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Housing

Housing has been identified as a very important topic to be discussed within the Master Plan. This section includes an assessment of current housing stock and identifies the types of housing and housing initiatives that will be needed in the future. Single family homes predominate in Charlemont and make up approximately 68% of the total housing units in the town. The majority of homes were built before 1939 (45%) and after 1970 (36%). Many homes constructed prior to 1939 still have vestiges of lead paint that might be hazardous, especially for children. The occupancy rate in Charlemont demonstrates seasonal patterns due to the inflow of tourists in the summer. The town has low activity in home sales. The average median value of Charlemont homes in 1995 was fluctuating insignificantly at a level of $95,000. Currently the situation is changing as a result of a growing demand for housing from incoming seasonal occupants, who are attracted into the community by the efforts of the three large rafting companies operating in Charlemont.

According to Ch.40 B Subsidized Housing Inventory (DHCD, 10.01.2001) only nine housing units, approximately 1.6%, are considered as long-term affordable housing. This number has not changed since 1993. However, this inventory doesn't list all subsidized, low- or moderate-income housing in the community. Tenant-based assisted units are not included in the inventory because Ch.40 B serves as an indication of the effort a community has made to provide affordable housing. Charlemont has a very high share of mobile homes and trailers that comprise 13% of total housing units. Their potential to contribute to long-term affordable housing has not yet been taken into account.

Since 1982, the Massachusetts Executive Order 215 has directed that every town should offer 10% of housing stock for low and moderate-income households. In the past decade, federal and state support for housing programs has diminished in an attempt to control budget deficits. However, the need for affordable housing remains. The housing is considered affordable when households spend 30% or less of their gross income on housing costs. Housing in Charlemont may be considered as generally affordable, since median gross rent or mortgage payments don't exceed 23%. For the past ten years the median gross rent in Charlemont has been lower than the state average but higher than that of Franklin County.

Charlemont has no public housing designated for the elderly, though a diverse housing stock with a wide range of costs is a necessary component of the social and economic health of any town. Young families and the elderly often need assistance to continue to reside in the town in which they grew up. These are often the demographic sections with lower or fixed incomes. Affordability thus is lower for these groups. The high cost of land and development makes it difficult for the private housing market to provide an adequate number of affordable rental and home ownership opportunities. General demographic trends across the country suggest that the elderly, couples who are just starting out, and single persons are all seeking housing with less space and fewer maintenance responsibilities than single family homes.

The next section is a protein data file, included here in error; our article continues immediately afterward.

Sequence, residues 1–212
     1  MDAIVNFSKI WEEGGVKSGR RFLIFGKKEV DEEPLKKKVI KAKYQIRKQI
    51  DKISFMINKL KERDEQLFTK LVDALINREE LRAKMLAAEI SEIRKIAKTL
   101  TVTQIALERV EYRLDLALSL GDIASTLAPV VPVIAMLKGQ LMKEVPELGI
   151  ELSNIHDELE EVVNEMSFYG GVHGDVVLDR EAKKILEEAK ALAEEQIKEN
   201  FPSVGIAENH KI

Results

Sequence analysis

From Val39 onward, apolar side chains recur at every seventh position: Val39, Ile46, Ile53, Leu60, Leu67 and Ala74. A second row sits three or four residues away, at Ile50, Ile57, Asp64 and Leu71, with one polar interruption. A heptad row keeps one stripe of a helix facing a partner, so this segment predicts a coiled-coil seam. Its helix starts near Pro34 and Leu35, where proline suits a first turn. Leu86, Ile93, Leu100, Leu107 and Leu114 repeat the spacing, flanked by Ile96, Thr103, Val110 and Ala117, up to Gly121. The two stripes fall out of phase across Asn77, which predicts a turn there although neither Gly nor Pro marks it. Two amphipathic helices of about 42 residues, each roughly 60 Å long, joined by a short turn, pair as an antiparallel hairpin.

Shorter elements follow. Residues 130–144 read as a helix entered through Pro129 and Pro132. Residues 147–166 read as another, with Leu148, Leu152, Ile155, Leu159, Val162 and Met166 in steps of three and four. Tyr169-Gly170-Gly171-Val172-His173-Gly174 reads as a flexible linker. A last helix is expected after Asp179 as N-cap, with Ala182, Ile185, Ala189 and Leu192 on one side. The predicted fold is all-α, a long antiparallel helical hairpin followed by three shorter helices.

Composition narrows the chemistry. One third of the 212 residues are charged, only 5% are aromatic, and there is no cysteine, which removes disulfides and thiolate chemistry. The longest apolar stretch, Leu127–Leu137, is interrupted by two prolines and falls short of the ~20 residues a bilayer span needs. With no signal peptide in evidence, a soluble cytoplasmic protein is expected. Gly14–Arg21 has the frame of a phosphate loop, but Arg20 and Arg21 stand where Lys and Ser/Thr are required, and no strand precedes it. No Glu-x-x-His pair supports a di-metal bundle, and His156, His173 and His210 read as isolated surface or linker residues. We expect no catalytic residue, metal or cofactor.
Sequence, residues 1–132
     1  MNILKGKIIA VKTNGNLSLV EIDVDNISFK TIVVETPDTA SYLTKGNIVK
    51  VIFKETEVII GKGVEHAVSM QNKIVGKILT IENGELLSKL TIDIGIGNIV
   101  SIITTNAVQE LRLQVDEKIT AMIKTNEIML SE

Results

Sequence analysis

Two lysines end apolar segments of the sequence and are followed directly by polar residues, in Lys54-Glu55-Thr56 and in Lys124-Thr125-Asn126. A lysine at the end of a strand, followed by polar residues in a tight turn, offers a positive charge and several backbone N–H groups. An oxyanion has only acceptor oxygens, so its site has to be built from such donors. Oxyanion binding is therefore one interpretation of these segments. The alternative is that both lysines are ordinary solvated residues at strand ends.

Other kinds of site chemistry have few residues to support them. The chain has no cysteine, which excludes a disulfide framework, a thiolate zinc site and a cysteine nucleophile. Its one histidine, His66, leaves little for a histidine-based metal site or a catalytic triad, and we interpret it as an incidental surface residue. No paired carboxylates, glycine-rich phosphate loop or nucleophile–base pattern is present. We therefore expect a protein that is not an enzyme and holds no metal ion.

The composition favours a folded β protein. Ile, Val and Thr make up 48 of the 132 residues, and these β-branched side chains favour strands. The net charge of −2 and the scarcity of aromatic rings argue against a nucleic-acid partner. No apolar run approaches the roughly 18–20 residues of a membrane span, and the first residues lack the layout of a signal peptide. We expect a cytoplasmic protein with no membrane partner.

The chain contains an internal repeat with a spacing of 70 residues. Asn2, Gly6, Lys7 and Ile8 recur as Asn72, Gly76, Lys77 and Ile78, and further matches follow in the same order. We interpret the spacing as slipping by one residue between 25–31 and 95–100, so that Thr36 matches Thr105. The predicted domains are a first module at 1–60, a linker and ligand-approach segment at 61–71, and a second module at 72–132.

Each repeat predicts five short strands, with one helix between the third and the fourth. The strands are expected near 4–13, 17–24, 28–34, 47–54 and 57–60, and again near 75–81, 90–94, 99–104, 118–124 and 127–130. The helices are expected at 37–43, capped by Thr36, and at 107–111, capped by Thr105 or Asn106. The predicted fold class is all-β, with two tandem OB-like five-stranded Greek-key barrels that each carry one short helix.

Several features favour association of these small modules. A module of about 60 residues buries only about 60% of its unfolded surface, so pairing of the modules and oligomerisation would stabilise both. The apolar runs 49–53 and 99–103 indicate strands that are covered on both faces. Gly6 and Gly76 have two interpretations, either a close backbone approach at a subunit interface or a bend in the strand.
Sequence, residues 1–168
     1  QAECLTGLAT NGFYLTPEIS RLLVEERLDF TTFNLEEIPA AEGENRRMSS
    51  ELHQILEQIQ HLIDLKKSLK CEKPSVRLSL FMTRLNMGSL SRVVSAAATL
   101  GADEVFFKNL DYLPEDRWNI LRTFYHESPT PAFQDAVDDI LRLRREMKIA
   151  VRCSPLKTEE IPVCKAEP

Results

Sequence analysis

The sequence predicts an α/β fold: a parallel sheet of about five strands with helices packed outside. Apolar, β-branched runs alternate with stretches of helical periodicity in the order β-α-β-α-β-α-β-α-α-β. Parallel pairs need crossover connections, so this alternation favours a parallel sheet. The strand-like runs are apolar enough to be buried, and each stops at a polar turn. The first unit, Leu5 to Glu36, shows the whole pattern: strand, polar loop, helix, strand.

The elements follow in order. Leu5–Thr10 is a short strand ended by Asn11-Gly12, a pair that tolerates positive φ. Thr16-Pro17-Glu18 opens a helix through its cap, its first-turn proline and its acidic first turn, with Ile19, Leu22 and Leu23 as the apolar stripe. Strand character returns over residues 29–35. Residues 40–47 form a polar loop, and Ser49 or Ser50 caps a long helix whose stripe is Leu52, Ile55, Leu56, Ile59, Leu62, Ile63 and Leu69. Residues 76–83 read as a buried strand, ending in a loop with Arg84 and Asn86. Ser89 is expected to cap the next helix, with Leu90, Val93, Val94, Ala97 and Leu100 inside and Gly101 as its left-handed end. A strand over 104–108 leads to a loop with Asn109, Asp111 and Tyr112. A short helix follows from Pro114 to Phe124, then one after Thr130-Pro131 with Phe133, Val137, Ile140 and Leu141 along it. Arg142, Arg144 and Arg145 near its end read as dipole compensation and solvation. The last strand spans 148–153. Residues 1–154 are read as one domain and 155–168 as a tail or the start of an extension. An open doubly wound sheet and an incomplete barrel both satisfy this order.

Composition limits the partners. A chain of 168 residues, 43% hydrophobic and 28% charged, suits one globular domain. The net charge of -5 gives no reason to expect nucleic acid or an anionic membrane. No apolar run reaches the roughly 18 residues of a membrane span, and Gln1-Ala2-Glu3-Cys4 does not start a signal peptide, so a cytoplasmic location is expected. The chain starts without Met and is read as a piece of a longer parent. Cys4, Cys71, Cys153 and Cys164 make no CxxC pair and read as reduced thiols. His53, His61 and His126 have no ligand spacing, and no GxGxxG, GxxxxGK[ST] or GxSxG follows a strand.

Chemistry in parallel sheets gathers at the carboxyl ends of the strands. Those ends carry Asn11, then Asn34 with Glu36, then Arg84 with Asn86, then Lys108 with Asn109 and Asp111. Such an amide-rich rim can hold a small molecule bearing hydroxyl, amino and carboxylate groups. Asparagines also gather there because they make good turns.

Charlemont, therefore, has an urgent need for a wider variety of housing types beyond the traditional single-family house. With more diverse housing, Charlemont could effectively retain more of its youth and elderly populations.

GOAL: Provide adequate and acceptable housing for Charlemont residents of all ages and income levels

Objective 1: Identify housing needs of Charlemont (size, cost, accessibility).

1.1 Identify existing housing that meets the state's affordable housing definition.

1.2 Inventory housing stock in Charlemont.

1.3 Identify the town's spokespersons/representatives for housing issues.

Objective 2: Preserve existing affordable housing and promote its opportunities.

2.1 Discuss strategies for creating and maintaining affordable housing that meets the town's needs.

2.2 Assess to what degree local zoning regulations constitute barriers to the provision of adequate housing.

2.3 Work with the FRCOG on Regional Housing certification under Executive Order 418 to enable Charlemont to apply for state funding for housing rehabilitation, Community Development Block Grants and other discretionary state funding.

Objective 3: Assess elderly housing needs in Charlemont

3.1 Identify suitable areas within the village for future elderly housing opportunities.

3.2 Encourage private developers to develop more affordable housing in Charlemont that meets identified needs.

3.3 Work with the Regional Housing Authority to assess and project elderly housing needs.

Objective 4: Encourage a development pattern that preserves open space and the rural character of the town.

4.1 Review or revise local zoning to allow for future open space conservation subdivisions.

4.2 Encourage the concentration of new residential growth within existing village centers.

Town Calendar
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